An introduction to clubroot in oilseed rape and field brassicas
Clubroot affects all cultivated and wild cruciferous plants. Through understanding the pathogen’s basic biology, it is possible to build an integrated pest management (IPM) approach to control this increasingly important global disease.
Which crops get clubroot?
Oilseed rape and all vegetable brassica species are affected. Susceptible broad-acre arable crops include turnip, swede, Brussels sprouts, cauliflower, calabrese and mustard. Numerous weed species, such as charlock and shepherd’s-purse, are also common hosts.
How does clubroot affect crops?
The soilborne pathogen that causes clubroot (Plasmodiophora brassicae) survives for up to 15 years in the soil. Infected roots form characteristic galls, whhich reduce nutrient and water uptake in roots and lead to lower yields.
In recent years, the UK has experienced milder and wetter winters that favour the pathogen's movement – helping to contribute to the spread of this disease. Even farms with no history of clubroot disease are starting to experience problems.
Clubroot can severely affect young plants, causing significant losses. Although clubroot yield losses may not be significant at a national level, losses of 10% are common in infected oilseed rape fields. Yield losses of 0.3 t/ha per 10% of oilseed rape plants infected have been reported. In extreme circumstances, total crop failure is possible.
The disease also affects older plants. In horticultural crops this is particularly problematic, as it may result in erratic plant maturity and disrupt harvesting schedules.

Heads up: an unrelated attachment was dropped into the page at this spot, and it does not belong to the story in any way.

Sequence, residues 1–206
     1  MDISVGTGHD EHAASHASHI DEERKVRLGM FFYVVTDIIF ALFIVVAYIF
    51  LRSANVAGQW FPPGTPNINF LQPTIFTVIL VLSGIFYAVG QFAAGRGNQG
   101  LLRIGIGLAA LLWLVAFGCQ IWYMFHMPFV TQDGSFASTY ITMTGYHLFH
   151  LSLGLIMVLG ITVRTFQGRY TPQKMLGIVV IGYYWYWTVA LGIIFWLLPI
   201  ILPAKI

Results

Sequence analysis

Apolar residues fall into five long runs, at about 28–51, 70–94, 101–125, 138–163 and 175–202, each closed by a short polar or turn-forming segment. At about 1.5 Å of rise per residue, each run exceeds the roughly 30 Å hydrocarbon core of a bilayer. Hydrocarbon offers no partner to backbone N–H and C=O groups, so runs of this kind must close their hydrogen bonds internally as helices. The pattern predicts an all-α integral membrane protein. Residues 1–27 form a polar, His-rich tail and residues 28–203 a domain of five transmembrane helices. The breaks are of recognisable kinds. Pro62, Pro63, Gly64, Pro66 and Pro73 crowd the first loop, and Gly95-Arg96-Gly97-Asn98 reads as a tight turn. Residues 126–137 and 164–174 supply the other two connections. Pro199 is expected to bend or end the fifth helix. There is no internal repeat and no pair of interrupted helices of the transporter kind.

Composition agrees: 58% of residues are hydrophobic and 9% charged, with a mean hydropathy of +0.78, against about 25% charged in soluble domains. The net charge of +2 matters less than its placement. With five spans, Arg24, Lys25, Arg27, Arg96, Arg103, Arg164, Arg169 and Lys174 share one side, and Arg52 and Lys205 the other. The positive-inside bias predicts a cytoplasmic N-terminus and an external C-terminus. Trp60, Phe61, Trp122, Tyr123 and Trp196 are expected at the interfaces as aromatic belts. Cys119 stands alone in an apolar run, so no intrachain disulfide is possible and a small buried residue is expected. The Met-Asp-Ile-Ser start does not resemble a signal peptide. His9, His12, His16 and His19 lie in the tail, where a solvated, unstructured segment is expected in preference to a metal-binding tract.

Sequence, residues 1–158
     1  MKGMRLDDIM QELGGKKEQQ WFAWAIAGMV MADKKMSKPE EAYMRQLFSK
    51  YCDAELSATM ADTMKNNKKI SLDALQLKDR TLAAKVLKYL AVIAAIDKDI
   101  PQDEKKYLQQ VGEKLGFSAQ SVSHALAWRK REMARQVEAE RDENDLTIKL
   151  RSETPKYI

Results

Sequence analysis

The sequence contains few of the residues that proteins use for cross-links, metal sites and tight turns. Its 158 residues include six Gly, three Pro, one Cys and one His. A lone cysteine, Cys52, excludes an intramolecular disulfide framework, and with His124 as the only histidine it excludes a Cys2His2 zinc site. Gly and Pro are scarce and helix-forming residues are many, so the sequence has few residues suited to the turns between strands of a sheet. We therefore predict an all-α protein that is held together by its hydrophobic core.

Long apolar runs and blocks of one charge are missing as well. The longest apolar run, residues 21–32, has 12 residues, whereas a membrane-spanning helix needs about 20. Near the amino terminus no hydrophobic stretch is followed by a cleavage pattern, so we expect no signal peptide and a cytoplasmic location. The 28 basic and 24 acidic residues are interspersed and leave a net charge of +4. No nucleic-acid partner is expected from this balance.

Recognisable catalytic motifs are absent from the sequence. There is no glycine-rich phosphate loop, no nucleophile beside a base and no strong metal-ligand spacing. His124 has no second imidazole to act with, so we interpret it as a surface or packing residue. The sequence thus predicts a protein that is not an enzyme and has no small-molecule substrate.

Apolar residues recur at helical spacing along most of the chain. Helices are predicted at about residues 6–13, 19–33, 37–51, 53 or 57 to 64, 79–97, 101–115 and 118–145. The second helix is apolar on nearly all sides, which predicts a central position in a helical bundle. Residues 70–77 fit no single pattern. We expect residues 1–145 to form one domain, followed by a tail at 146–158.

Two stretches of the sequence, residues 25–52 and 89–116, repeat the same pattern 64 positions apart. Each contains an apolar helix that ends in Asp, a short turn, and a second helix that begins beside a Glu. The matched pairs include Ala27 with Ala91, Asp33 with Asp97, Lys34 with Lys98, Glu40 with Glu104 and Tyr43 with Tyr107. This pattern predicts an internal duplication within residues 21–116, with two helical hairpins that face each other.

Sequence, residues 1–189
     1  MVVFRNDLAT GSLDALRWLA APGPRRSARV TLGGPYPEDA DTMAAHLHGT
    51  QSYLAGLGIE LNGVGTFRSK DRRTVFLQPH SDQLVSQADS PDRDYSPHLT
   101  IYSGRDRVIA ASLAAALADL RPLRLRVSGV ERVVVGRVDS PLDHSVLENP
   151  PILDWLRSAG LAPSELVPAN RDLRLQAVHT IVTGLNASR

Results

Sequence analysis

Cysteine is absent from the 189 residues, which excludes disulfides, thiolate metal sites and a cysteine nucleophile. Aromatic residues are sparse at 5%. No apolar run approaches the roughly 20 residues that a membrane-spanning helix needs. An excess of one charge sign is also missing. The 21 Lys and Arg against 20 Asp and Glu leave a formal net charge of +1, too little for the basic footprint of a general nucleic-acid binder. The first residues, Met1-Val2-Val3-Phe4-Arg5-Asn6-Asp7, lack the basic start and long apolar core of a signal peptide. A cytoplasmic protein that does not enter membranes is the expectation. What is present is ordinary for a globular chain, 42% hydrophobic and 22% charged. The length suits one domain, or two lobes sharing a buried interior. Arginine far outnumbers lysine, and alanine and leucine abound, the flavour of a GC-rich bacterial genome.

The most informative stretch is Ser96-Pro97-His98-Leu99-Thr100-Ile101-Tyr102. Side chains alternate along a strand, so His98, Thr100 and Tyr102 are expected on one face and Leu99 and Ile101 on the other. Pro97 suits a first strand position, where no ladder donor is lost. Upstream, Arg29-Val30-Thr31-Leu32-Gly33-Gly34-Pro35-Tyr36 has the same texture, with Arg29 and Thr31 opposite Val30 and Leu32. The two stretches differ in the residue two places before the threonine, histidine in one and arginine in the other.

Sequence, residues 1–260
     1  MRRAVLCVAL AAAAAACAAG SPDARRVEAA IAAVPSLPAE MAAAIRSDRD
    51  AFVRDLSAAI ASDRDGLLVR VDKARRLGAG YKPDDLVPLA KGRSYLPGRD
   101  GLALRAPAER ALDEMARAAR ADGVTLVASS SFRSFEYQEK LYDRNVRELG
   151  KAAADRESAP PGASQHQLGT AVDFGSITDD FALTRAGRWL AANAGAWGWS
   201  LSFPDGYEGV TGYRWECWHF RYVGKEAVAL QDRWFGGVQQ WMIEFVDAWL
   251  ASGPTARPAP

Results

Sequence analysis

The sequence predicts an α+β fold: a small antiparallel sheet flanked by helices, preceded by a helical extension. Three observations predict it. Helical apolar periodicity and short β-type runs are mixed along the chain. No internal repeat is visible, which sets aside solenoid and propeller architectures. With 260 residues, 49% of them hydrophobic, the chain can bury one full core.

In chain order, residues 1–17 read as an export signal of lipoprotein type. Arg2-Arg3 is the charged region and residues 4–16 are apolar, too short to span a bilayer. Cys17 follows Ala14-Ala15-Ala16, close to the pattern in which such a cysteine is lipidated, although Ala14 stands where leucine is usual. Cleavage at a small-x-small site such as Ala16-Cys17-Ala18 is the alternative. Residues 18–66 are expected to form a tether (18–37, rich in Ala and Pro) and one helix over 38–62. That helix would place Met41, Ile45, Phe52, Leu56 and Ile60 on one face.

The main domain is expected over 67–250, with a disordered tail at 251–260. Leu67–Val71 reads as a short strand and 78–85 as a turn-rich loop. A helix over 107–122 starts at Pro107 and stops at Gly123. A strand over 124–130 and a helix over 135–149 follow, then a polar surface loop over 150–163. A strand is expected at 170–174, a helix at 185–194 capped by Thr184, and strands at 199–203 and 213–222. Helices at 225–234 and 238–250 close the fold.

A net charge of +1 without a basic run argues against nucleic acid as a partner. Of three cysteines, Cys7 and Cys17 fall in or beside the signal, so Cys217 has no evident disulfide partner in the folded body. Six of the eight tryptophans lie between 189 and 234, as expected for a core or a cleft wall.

How to manage clubroot in brassica crops
At present, there are no options for controlling clubroot with fungicides or biocontrols. The key to management is to understand clubroot pressures, restrict its spread and make informed rotational/varietal decisions. In particular, it is important to base decisions on the long-term profitability and sustainability of a field, not on a single season’s predicted margin.
Understanding clubroot pressure
Early detection of clubroot infection is extremely important. As patches of poor growth or establishment can have multiple causes, it is important to investigate them and establish the cause. Mapping affected areas can help guide management decisions. An understanding of the field factors that favour the pathogen is also essential.
Restricting the spread of clubroot
Clubroot can spread in several ways, including via soiled machinery and infected organic material. Learn about the routes of spread and the simple management steps to prevent contamination.
Making informed rotational/varietal decisions
Short rotations increase the soil’s clubroot inoculum burden. Additionally, frequent use of clubroot-resistant varieties is likely to increase selection pressure on the pathogen population and may lead to the emergence of new virulent strains able to infect previously resistant crops.